At 0757:15, while the aircraft was maintaining 6,000 ft, the Melbourne approach controller requested that the crew cancel all speed restrictions and hold their speed for as long as possible. The PM responded that they were maintaining 240 kt and the approach controller replied ‘just the best you can do, thank you’.

At 0758:03, the approach controller provided the crew with their clearance to descend via the STAR to 2,500 ft and that they were cleared for the RNAV-Z approach to runway 34. From 0758:28 to 0801:02, the crew incrementally reduced the aircraft’s speed from 240 kt to 185 kt and selected 2 stages of flaps (flaps-1 then flaps-5).

During the STAR, a tailwind, in combination with the instruction from air traffic control to hold their speed for as long as possible resulted in an average groundspeed of about 280 kt, requiring the crew to use the speedbrake to decelerate and descend.

At 0802:13, after the aircraft had commenced the turn to intercept the approach, the approach controller instructed the crew to contact the Melbourne tower controller. After initial frequency congestion, the PM contacted the tower controller and confirmed they were cleared for the approach.

At 0804:18, the aircraft passed the final approach fix, 4 NM (7 km) from the runway, at 1,493 ft, about 157 ft below the intended glidepath. The aircraft configuration remained at flaps-5 with the landing gear up. The airspeed was about 186 kt, which was 26 kt above the maximum procedure approach speed of 160 kt and about 36 kt above their calculated flaps-30 approach reference speed of 150 kt. The autopilot captured the glidepath at 0804:25, just beyond the final approach fix, at an altitude of 1,493 ft, which was about 1,059 ft above field elevation (AFE). At 0804:30, the tower controller cleared them to land.

At about 0804:45, the Essendon Fields Airport tower controllers, located about 8 km south-east of Melbourne Airport, visually identifed that the landing gear was retracted. The aircraft was descending through 1,305 ft (871 ft AFE) at an airspeed of 181 kt and about 3.0 NM (6 km) from the runway 34 threshold. At about that time, the PM reportedly prompted the PF to continue the configuration for landing.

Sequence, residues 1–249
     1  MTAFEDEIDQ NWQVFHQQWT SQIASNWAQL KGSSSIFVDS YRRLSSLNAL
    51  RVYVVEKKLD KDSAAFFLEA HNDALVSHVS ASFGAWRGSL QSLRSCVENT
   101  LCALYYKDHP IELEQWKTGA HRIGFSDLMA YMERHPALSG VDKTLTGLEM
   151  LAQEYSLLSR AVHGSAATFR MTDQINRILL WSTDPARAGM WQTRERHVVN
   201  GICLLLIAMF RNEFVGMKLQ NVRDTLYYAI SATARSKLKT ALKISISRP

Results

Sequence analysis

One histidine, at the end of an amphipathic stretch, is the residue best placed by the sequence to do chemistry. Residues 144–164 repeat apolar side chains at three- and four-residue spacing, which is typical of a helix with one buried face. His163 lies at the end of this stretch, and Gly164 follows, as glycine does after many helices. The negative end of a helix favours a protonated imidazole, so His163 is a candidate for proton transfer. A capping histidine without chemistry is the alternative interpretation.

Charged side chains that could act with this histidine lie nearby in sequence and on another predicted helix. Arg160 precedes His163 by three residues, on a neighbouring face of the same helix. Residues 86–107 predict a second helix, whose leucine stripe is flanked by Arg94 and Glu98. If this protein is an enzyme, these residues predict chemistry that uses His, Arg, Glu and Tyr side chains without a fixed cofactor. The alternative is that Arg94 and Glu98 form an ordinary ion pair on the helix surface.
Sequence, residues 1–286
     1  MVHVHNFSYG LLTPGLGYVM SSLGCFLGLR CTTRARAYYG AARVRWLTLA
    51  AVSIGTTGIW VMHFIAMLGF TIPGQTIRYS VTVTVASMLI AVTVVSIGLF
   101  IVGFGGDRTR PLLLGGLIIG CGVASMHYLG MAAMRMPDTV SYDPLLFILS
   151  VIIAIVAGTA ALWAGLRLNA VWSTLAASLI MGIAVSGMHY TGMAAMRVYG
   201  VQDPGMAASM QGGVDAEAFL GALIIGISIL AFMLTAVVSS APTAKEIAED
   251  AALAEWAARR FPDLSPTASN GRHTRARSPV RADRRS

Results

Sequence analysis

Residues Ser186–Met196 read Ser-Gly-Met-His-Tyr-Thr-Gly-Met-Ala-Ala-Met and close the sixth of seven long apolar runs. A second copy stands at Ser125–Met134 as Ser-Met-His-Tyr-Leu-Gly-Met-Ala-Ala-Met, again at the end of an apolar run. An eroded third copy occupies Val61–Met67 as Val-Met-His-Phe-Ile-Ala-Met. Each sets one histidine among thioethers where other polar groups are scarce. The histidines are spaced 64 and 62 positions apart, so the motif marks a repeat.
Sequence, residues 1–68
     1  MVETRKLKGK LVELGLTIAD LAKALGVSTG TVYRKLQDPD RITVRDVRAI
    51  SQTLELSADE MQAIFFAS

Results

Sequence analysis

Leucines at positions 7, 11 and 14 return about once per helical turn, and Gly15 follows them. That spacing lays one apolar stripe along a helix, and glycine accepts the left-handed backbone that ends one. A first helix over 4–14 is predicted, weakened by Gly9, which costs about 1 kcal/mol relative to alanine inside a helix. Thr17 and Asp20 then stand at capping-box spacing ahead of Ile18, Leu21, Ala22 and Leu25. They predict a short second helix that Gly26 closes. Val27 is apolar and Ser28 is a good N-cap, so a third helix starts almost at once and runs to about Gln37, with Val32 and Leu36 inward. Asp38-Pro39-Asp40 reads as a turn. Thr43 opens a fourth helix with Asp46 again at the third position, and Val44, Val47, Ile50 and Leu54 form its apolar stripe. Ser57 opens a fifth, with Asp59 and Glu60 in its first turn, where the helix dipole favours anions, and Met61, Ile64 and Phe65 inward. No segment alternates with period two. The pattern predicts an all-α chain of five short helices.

The Essendon tower controller advised the Melbourne tower controller via an internal coordination hotline ‘Vietnam 781 check wheels’. At 0804:56, the Melbourne tower controller relayed this to the crew as ‘Vietnam 781 check wheels’, at which time the aircraft was at 960 ft radio altitude (RA). However, the PM misheard the advisory call as a ‘check wind’ request from the tower and replied ‘Vietnam 781, wind three-six-zero [360] twenty-five [25] knots’. The Melbourne tower controller immediately recognised the advisory call was misunderstood and provided a second call to the crew ‘Vietnam 781 check your wheels, they were observed up’.

At 0805:06, as the aircraft descended through 1,014 ft (780 ft RA and 580 ft AFE) at 183 kt with flaps-5 and the landing gear up, the crew received a master warning alert with an associated ‘CONFIG GEAR’ message. In response, the PM moved the landing gear handle to the down position, while the PF announced ‘go-around’ and selected the autothrottle take-off go‑around[8] button. The PF disconnected the autopilot and the PM reported to tower ‘Vietnam 781 go-around’. The aircraft’s lowest recorded altitude was 862 ft (600 ft RA and 428 ft AFE) at about 1.5 NM (3 km) from the runway 34 threshold. Following the go-around, a second approach was conducted without further incident.
Incident Facts

Date of incident
Sep 19, 2019


Flight number

Aircraft Registration

ICAO Type Designator